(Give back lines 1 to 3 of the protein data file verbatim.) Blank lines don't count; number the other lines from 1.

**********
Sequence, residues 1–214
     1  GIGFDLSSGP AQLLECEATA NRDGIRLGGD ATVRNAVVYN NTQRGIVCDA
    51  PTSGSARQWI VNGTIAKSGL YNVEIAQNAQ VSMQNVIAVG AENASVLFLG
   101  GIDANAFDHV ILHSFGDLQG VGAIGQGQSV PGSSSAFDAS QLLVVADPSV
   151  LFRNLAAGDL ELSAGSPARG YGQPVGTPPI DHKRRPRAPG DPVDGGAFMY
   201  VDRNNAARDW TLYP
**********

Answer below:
Sequence, residues 1–214
     1  GIGFDLSSGP AQLLECEATA NRDGIRLGGD ATVRNAVVYN NTQRGIVCDA
    51  PTSGSARQWI VNGTIAKSGL YNVEIAQNAQ VSMQNVIAVG AENASVLFLG